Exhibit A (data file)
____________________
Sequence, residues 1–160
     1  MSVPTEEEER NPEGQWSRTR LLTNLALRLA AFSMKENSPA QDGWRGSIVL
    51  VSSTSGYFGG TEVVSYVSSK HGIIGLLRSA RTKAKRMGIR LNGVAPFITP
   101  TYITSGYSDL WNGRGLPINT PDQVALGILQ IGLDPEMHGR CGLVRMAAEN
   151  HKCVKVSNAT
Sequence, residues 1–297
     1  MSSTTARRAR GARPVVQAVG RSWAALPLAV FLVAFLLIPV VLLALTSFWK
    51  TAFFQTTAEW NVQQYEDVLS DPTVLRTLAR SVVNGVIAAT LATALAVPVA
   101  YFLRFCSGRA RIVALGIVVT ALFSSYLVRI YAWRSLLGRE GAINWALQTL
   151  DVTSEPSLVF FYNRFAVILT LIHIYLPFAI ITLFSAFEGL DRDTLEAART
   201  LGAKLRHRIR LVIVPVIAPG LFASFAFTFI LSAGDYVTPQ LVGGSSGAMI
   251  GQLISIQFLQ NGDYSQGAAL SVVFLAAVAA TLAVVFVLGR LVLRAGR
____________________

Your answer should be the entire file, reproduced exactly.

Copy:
Sequence, residues 1–160
     1  MSVPTEEEER NPEGQWSRTR LLTNLALRLA AFSMKENSPA QDGWRGSIVL
    51  VSSTSGYFGG TEVVSYVSSK HGIIGLLRSA RTKAKRMGIR LNGVAPFITP
   101  TYITSGYSDL WNGRGLPINT PDQVALGILQ IGLDPEMHGR CGLVRMAAEN
   151  HKCVKVSNAT
Sequence, residues 1–297
     1  MSSTTARRAR GARPVVQAVG RSWAALPLAV FLVAFLLIPV VLLALTSFWK
    51  TAFFQTTAEW NVQQYEDVLS DPTVLRTLAR SVVNGVIAAT LATALAVPVA
   101  YFLRFCSGRA RIVALGIVVT ALFSSYLVRI YAWRSLLGRE GAINWALQTL
   151  DVTSEPSLVF FYNRFAVILT LIHIYLPFAI ITLFSAFEGL DRDTLEAART
   201  LGAKLRHRIR LVIVPVIAPG LFASFAFTFI LSAGDYVTPQ LVGGSSGAMI
   251  GQLISIQFLQ NGDYSQGAAL SVVFLAAVAA TLAVVFVLGR LVLRAGR